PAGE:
Minding Ag's Business

If You Farm, There's No Place Like Home

Starting 15 years ago, I took four trips and about four dozen farm leaders on visits to the Brazilian frontier. Outposts were so remote, we chartered our own planes to criss-cross a region the size of our 12 Midwestern corn states. Growers like Patrick Duncanson of Mapleton, Minn., were in awe of the scale of farming we witnessed in remote Mato Grosso villages and the first of its kind soybean export terminal via the Amazon River. Most of us came home defeated and worried that U.S. agriculture would need to up its game to stay competitive in world markets as Brazil matured.

Brazil has indeed emerged as a world class competitor since then, but what North Americans haven't fully appreciated was how much the blessings of a stable U.S. business climate, low interest rates, crop insurance and investment incentives have been able to revitalize our own stature in world agricultural trade. None of us anticipated how a surge in corn demand between 2006-2012 would transform our own farm economics and convey long-lasting benefits on our industry. In the last decade, we've wiped out 40 years of cobwebs and revitalized aging farm equipment, grain storage, drainage, irrigation and the U.S. rail system, just to name a few benefits.

Acclimating to more moderate prices won't be easy, especially if you're highly leveraged or have expanded on rented farmland at peak cash rents. What's more, USDA believes the Black Sea region could challenge U.S. in corn and feed production, becoming the world's second largest corn exporter in the near future. We'll see.

I have confidence most U.S. operators will adapt much more easily than they did after the 1970s excesses. It's fair to say the financial and risk management skills of today's operators are like comparing the brainpower of a modern laptop computer to the old IBM correcting selectric typewriters. Crop insurance also buffers put a floor on farm incomes, and prevents havoc in widespread droughts like 2012. What's more, growers seem more comfortable using options, futures and other hybrid cash contracts to enhance their positions, knowing that "crazy good" profits can be fleeting.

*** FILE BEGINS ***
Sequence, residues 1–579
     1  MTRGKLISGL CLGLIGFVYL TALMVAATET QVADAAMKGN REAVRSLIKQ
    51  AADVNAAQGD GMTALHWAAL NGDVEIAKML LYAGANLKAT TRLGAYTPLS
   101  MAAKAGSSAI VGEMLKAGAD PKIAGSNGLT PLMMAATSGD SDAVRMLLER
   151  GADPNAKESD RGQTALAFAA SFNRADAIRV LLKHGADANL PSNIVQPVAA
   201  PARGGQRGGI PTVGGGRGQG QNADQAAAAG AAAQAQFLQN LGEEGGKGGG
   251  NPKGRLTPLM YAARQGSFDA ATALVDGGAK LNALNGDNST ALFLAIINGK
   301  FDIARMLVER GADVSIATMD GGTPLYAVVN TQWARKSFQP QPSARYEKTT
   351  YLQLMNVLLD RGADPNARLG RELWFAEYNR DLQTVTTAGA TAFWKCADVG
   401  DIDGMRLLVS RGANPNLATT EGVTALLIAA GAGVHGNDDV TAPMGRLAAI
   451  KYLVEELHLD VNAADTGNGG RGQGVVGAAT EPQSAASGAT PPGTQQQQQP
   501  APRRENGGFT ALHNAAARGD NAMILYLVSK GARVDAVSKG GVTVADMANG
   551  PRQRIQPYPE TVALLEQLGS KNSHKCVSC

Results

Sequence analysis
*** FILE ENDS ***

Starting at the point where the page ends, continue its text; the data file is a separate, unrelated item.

One other interesting phenomenon is how astute operators have solidified relationships with their lenders during this era, knowing that banks need to understand your business if you want them to stick with your strategies long-term. Independent pork producers like Steve Moest of Illinois shouldered all the risk as corn spiked in 2008-09 and again in 2012; today profits have returned but so have massive margin calls on futures contracts as live hog prices gained 45% this year.

"Getting our lenders on board with us and understanding what we're doing when it comes to our risk management strategies is key today, especially when it comes to making sizable margin calls," Moest emailed me. In the last few weeks, some Farm Credit System lenders say they have been advancing up to $62/head margin calls for their pork clients, without complaint.

"We have a conference call every Tuesday morning with Cargill and our banker is included with the call so he knows exactly how we're covered and at what percentage and what we're thinking and we always invite him to the webinars we view," Moest said. "There are getting to be fewer and fewer bankers that have animal ag experience and the volatility can make them weak at the knees at times, and we can't afford to have that happen."

On a macro front, the U.S. has made gains as well. Yes, I know there are consortiums of international grain companies that have promised to spend $2 billion to improve northern ports and roads for Brazil's export arteries, but it isn't like North Americans have been sitting idle. We haven't made upgrades to the precarious Upper Mississippi system, but our rail system has added more than 525 shuttles. Our Pacific port capacity has ballooned 30%, with the addition of new export terminals closer to Asia. The addition of 2 billion on-farm bushels of new capacity in recent years has given growers more clout to think with a country elevator mentality.

In attempt to put these advances in perspective, DTN's Katie Micik, Todd Neeley and I launched a nine-part series reflecting on how Americans spent the wealth from this rare era in agriculture, and how our industry will be for the future. You can read the full report on "Ag's Great Affluenza" at http://www.dtn.com/…

Pat Duncanson still can't believe how much better off southern Minnesota is today, with ethanol plants, soybean processors, shuttle trains and feed mills now vying for his crop. I hope you conclude, like I do, there's been no better place to farm than home the past 10 years. Now make the most of it.

Follow me on Twitter @MarciaZTaylor.


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T Kuster
5/12/2014 | 1:59 PM CDT
We all know Marcia how privileged a select group of growers are that are targeted with massive government crony capitalistic benefits. What some people like you Marcia do not comprehend is how many Americans are financially harmed by big government schemes such as federal crop insurance and corn ethanol mandates that work to raise the costs of growing food and the costs of buying food.
tom vogel
5/11/2014 | 9:34 PM CDT
Marcia: Thank you for the superb information. I agree with you on the notion that the U.S. infrastructure and political stability are a real blessing to us. However, I could see a scenario in which food prices reach such a high level that an over-zealous government could start to confiscate land "for the common good." I know at first blush, this may seem unthinkable. However, look at what has happened to some of the Western lands. I hope and pray we keep our traditional representative republic with private property rights, but I am a bit of a skeptic given what I have seen in recent years.